We don’t realize how much we use or need something until it’s gone. Being without, whatever it is, sure makes us appreciate it all the more when we get it back, doesn’t it?
Case in point, the water at our house was out for a day last week, and I am so thankful to East Knox Water District for working all day and way up into the night to get us back up and running.
Although the water was working fine when I left for work Wednesday morning, later in the day I read a Facebook post from a neighbor who said they didn’t have water pressure and wanted to know if other neighbors in the area had water. I checked with my family and we all didn’t have water either.
On my way home after work, I picked up a few gallons of water just in case the water company didn’t have the line fixed.
As I rounded the last curve before getting home, there was a traffic stop. The problem with the water line was almost directly in front of my house.
I proceeded to go to the kitchen to try to cook a few things for supper. Important things first, wash my hands. Ugh, no water. Well thank goodness I had brought some home. Then, I needed water to cook with. I realized those few gallons of water wouldn’t be enough to wash my dishes and cover all our water needs until we had water again.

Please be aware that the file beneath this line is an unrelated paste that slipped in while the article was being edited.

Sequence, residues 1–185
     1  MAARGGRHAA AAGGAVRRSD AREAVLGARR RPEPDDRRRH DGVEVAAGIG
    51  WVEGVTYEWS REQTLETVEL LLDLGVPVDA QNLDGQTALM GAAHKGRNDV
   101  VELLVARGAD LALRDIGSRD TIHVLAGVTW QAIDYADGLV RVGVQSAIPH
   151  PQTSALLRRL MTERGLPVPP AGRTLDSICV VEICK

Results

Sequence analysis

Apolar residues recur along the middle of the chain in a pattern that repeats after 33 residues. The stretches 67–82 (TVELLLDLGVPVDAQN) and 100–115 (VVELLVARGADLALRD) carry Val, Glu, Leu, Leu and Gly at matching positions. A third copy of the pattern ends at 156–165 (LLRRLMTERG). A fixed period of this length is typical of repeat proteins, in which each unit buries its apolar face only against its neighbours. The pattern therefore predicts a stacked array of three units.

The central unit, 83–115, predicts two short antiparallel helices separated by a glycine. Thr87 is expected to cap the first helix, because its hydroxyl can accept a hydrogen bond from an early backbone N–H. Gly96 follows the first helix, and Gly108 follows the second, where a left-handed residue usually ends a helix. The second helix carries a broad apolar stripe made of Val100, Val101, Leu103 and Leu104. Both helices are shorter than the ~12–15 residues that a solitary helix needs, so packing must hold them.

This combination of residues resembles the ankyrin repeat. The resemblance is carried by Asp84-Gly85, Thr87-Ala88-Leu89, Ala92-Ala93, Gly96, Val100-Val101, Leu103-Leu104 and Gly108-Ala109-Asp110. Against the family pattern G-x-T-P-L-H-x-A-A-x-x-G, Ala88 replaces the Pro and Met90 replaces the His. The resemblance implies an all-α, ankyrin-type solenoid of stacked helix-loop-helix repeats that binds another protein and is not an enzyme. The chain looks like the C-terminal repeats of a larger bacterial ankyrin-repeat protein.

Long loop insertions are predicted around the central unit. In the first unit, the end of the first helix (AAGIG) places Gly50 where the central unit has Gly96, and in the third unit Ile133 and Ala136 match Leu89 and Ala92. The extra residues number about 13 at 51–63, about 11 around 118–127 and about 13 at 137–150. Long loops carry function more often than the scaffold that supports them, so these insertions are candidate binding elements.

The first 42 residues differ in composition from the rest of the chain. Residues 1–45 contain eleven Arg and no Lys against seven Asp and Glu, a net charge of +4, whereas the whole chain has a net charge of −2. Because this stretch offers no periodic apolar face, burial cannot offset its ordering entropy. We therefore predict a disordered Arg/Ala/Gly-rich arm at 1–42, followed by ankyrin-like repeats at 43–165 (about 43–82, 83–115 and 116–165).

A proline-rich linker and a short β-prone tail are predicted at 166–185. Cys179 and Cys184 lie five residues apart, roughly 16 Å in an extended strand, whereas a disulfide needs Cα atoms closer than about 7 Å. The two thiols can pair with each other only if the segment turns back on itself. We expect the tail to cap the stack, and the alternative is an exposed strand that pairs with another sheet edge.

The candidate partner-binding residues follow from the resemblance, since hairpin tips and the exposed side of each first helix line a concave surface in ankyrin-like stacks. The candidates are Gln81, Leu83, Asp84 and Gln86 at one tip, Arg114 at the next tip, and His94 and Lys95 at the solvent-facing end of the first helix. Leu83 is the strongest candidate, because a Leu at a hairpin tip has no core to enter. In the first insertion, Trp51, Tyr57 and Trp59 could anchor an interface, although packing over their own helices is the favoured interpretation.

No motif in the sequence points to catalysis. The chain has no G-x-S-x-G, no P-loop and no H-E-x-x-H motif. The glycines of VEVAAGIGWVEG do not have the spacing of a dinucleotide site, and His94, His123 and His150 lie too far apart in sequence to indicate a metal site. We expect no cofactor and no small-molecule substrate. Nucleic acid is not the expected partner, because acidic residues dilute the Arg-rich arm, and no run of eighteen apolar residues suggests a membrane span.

Without water, we couldn’t flush the toilet. We couldn’t do a load of laundry, etc.
Hmm, we use more water than I realized in just one evening.
Thinking about water, and the usage of it, reminds me of when I was younger, everyone in our communities had well water back then. It was both a good and a bad thing.
When David and I moved to where we live now, our well water was so awful. Although there was plenty of free water for anything we needed to do, the quality of the water was absolutely horrible.
We had sulphur water, the water had been exposed to hydrogen sulfide, which gave our water that distinct “rotten egg” smell. If that wasn’t bad enough, it also had ferric iron in it, which caused the water to have an awful rust-colored appearance, and it stained everything it touched including our sinks, tub, toilet, clothes, and even our hair and nails. We spent a fortune on products to try to filter our water and remove the stains.
We loved our home, but we sure didn’t like the water, and we didn’t realize what a huge problem it would be until we were living with it. We suffered through using it for years, even manually carrying water in heavy water coolers, which we collected from natural springs in the area, until East Knox Water District put a water line in by our house.
We were never so happy as the day we were able to get good water.
Like a lot of things, sometimes we forget just how grateful we are to have good water until we don’t have any. Wednesday was a good reminder of that for us.
Isn’t that usually the case? We all tend to take things for granted when it is plentiful, such as electricity, dependable transportation, the roof over our heads, loved ones, simple pleasures, sunshine, fresh food, medicine, our health, freedom, salvation, etc. The list of what we all take for granted could go on and on, but I think you get the idea.
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One more thing, last week when writing about potatoes as being an unusual ingredient in candy, I stated in the column that the most common potatoes are Russet and Idaho® potatoes. Idaho® is not a variety of potatoes.